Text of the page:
4 Common Plaster Defects and Their Primary Symptoms

Blog |September 14th, 2017

Plaster is a common material used in construction all around the world. Easy to work with and easier to repair, plaster is a great choice for home owners and landlords. However, there will be times when your plaster starts to showcase some telltale signs of wear and tear. Plaster can be found inside and outside of buildings but the problems they showcase will be shared. Understanding these problems and identifying them before they get too far gone is an important trait to have. Today we will walk you through several common plaster defects and their primary causes.

1) Cracked Plaster

One of the most common problems you will run into in relation to plaster is the common crack. Cracked plaster comes in a variety of different styles, from hexagonal ‘crazing’ to hairline cracks and everything in between. This type of defect can come as a result of physical trauma, whether from every day wear and tear or direct physical action. Most of the time these cracks can be fixed with a little bit of putty and a new layer of paint. Only when the cracks in the plaster become severe do you need to pursue alternative options.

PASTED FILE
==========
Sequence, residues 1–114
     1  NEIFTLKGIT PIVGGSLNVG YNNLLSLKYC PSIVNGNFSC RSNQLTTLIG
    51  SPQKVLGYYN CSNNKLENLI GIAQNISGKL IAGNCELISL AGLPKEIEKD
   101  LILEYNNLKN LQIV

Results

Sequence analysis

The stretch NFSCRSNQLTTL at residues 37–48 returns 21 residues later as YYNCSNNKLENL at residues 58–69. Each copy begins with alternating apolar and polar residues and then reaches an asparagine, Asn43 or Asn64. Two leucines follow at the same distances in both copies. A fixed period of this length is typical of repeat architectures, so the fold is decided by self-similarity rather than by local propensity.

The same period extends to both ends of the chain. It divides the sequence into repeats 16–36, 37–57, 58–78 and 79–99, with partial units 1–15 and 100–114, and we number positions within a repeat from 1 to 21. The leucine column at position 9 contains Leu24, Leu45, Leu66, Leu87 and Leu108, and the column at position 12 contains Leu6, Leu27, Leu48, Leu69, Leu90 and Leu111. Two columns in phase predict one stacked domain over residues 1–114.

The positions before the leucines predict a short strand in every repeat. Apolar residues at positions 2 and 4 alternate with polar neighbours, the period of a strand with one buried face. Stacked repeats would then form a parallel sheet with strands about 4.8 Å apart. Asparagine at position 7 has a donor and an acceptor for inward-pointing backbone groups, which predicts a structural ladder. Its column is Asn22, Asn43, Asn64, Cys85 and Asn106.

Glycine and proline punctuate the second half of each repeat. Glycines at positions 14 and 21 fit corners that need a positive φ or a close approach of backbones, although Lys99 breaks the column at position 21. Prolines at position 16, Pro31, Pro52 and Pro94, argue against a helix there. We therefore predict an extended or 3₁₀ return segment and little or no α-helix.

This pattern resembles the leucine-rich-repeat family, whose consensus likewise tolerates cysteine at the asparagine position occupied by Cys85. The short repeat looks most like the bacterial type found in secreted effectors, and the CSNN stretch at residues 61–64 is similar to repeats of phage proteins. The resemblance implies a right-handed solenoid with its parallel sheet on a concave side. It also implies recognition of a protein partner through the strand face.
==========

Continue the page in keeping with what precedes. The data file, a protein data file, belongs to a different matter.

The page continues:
2) Bubbling Plaster

Water damage is no joke but it is a common problem for older homes with plaster walls. Water damage is identifiable in plaster when the material begins to bubble or bulge outward. At this point in time the water damage is fairly severe. This is a more exhaustive fix than simply applying some new putty and plaster. Portions of your wall must be removed, the area dried, and any mold or mildew dealt with.

3) De-Bonding Plaster
This defect is slightly more rare but no less serious. De-bonding occurs with plaster once the material actually starts to curl away from the wall and pop off of the surface. Sharp eared landlords or homeowners will actually hear the plaster as it starts to peel away and curl. If the de-bonded area is smaller than a plate you can engineer a simple fix. If the de-bonding spreads to a larger area then it is time to begin a full-fledged repair job. Avoid potential de-bonding problems by making sure to effectively mix your plaster, clean the surface of your walls before application, and use the proper bonding liquids during the job.

4) Soft Plaster
Finally, and most commonly, we run into the issue of soft plaster. Soft plaster is self-explanatory and is typically the result of improper cement measurements. Diluted plaster will harden on too soft and thus need to be repaired sooner than later.


Optimized by NetwizardSEO.com.au